Updated: May 26, 2020
We might as well get straight to the point.
If ever there was a symbol of the Sydney/Melbourne divide it came in the shape of the left/right combination that Paul Gallen landed on a seemingly bemused Nate Miles in game one of S.O.R., 2013. Apart from wondering why Nate didn’t fall to the ground clutching his jaw, let alone only appearing mildly put out at being king hit twice, I wondered how my new found Melbourne friends would react to this.
You see, I moved to Melbourne a couple of years ago. I’ve been here before but I’ve never really appreciated the fundamental difference in thinking in our two major capitals.
We all know that sport is a metaphor for life. The way we play and celebrate our sport says a lot about where we are as a culture. The old motto ‘play up and play the game’ for instance, has taken on a very different meaning in the hands of people like Davey Warner and Josh Dugan.
When I moved to Melbourne I was struck by the city’s passion for AFL. This was hardly a ground breaking discovery. Everyone knows that AFL is king down here. Where rugby league, rugby union and football (soccer) jostle with the ever expanding AFL in the sin city, there is no jostling in Melbourne. AFL is king and everything else is incidental.
When I overheard two elegantly dressed women passionately analysing the pros and cons of their teams performance over their Monday morning lattes, I knew this place was different.
When I first arrived here I was invited to have a bit of a kick with a few guys and, thinking I needed to expand my horizons, I decided to have a crack. The fact that I hadn’t kicked any sort of a ball for over twenty years and have never, ever kicked an AFL ball didn’t deter me. I was having a sea change in Melbourne and kicking a footy around was as much part of that as fishing might be for others engaging in similar life changing experiments in warmer climes. I was immediately taken by the generosity of these guys. They didn’t seem to care if I could catch or kick even though a couple of them might have thought I was invisible when it came to passing me the ball but I couldn’t blame them. I was hopeless. Given how, well…obsessed…they are it was surprising they tolerated my ineptitude. But they did. A couple were latter day disciples hell bent on converting the heathen northerner. I started to get what happened to Paul on the way to Damascus. Their utter devotion to the game and their chosen team was (and is) admirable, if a little surprising. I mean, I was in the crowd when the NSW Waratahs played the Hurricanes for a semi final spot in the then Super 12 and the only sound you could hear was the sound of clinking wine glasses. NSW lost and everyone commented on the dryness of the charodnnay. If one of my new mates teams loses they are inconsolable.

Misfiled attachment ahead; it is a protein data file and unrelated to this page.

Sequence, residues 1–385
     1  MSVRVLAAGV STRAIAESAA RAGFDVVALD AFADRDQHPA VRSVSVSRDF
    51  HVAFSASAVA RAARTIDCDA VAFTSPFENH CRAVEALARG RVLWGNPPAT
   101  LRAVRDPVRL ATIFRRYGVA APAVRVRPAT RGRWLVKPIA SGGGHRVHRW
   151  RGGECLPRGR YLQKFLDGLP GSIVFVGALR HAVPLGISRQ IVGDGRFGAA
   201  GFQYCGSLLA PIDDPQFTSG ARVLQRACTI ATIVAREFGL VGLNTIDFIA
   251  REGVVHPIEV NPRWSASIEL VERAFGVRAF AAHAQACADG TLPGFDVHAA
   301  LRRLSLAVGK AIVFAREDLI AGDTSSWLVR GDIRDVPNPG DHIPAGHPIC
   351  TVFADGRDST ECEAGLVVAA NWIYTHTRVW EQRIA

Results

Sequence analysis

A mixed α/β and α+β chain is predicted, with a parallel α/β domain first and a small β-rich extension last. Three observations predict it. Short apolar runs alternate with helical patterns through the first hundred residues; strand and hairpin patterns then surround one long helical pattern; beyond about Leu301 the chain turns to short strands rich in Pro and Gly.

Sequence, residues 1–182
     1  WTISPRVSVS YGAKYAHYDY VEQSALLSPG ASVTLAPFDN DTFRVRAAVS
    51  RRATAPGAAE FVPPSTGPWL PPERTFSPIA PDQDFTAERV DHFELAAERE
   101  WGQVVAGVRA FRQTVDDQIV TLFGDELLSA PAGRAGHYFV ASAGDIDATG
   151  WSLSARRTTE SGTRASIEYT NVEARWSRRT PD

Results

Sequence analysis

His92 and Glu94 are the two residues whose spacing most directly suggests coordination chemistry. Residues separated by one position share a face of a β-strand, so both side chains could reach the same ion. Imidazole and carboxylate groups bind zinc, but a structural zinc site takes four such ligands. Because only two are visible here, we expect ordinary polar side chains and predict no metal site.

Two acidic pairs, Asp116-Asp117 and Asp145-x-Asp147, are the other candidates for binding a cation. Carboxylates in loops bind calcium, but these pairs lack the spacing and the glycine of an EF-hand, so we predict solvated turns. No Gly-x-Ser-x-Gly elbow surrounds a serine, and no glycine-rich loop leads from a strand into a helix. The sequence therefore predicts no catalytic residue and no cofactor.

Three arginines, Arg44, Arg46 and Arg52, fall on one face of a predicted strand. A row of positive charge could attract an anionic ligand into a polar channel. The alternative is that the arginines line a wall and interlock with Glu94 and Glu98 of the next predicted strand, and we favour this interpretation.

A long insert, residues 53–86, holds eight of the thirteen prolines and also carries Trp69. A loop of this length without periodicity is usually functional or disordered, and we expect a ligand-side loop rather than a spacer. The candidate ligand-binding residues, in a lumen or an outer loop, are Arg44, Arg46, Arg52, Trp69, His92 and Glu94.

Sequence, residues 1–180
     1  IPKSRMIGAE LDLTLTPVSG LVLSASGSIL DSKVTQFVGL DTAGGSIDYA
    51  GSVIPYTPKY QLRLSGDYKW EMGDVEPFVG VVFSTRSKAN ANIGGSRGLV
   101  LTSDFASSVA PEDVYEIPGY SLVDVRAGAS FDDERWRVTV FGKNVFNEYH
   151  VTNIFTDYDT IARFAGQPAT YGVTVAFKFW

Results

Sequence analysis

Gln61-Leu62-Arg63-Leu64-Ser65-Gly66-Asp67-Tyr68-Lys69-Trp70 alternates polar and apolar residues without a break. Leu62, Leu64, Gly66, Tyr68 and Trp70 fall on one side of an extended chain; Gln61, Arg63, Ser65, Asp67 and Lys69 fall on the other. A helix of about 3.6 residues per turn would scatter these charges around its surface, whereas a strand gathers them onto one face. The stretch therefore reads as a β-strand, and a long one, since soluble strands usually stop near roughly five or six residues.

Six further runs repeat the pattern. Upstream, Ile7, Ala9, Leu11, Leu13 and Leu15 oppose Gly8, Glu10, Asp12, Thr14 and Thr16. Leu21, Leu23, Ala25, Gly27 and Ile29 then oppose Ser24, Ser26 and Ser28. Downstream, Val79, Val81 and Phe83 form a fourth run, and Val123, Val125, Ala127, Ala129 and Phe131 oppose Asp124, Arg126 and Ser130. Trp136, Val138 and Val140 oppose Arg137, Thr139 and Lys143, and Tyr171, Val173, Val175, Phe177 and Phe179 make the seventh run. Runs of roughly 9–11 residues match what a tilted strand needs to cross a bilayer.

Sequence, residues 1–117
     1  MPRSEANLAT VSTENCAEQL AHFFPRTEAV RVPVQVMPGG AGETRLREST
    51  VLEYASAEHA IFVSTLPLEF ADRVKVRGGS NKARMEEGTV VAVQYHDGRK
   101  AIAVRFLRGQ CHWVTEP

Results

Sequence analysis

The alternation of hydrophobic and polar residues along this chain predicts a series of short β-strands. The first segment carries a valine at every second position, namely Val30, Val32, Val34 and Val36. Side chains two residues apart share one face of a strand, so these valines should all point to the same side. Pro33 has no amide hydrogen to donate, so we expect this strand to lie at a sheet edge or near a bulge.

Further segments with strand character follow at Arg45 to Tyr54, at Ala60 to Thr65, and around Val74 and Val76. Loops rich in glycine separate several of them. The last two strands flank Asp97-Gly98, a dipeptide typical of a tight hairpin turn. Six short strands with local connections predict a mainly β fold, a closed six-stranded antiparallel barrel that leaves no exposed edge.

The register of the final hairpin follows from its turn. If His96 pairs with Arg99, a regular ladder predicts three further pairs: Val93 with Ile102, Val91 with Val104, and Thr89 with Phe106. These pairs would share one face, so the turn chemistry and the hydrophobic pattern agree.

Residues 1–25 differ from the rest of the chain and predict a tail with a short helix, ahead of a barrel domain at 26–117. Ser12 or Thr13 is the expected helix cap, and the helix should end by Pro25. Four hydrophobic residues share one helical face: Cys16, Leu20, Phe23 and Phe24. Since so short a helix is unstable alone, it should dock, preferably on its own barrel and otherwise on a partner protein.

So. A couple of years down the track and SOR is approaching. Like most people north of the border (Albury) I am a bit of a sporting butterfly when it comes to footy. I follow the Balmain (yes, Balmain) Tigers. I follow the Wallabies. I LOVE the Socceroos. I used to be passionate about our cricket team. I am have moved past flirtation into a serious relationship with the Swans.
However, SOR holds a special place in my heart. I used to religiously (just like an AFL fan) go to Blues games with a couple of mates, one who had no interest in the game but loved the theatre of it, let alone the piss up afterwards. SOR was the pinnacle of the rugby’s. Sublime skills, the best of the best, mate against mate etc etc.
Cut to 2013. I turn up for a kick with the boys proudly wearing my Blues jumper. Half of them have no idea what it is or what it represents. A few show some polite interest, a couple of others shake their heads as if I was sporting some kind of heathen apparel. I tell anyone who’ll listen what a great game it will be, how the late, great Artie Beetson clocked the “Crow”, how the Queenslanders went ape shit when the King was binned, how Michael O’Conner slotted one from the sideline in the pouring rain, how Stevie Mortimer cried. In short, I talked up Origin.
On the night of game one I made my way into the city in my Blues jersey to meet a couple of other desperados to watch the game at a virtually deserted pub in the heart of Melbourne.
All was good. The Blues were on top. The Bananabenders seemed strangely out of sorts, the pints tasted like honey. Me and the only other Tiger fan in Melbourne were cock-a-hoop.
Then there was a stink. Off the ball. Then we saw what happened. Gal king hit Nate Miles. A seemingly defenceless Nate Miles. A Nate Miles who hadn’t even put up his dukes. Not only a left but a right too. Nate just looked at him. Far from clutching his jaw he didn’t even rub it. He didn’t even blink.
I did. I held my jaw and blinked and thought how the hell am I going to explain this to my footy mates? Let alone my ten year old son. I mean Artie belted the Crow in a melee. It wasn’t anywhere near as bare faced as Gal’s effort.
A couple of days later, I turned up at footy and tried to put on a brave face.
“That’s’ Origin.” Trying to seem noncahalant.
It didn’t work. Not one of my footy mates could understand. They weren’t bemused. They were shocked. They thought it was barbaric.
“How could he do that?”
I mumbled something about Origin but even I wasn’t convinced. Those who had seen it shook their heads. The rest carried on kicking the footy as thought Origin didn’t exist.
I’ll be wearing my Blues jersey next Wednesday but I’m afraid my son won’t be watching, nor will most of Victoria.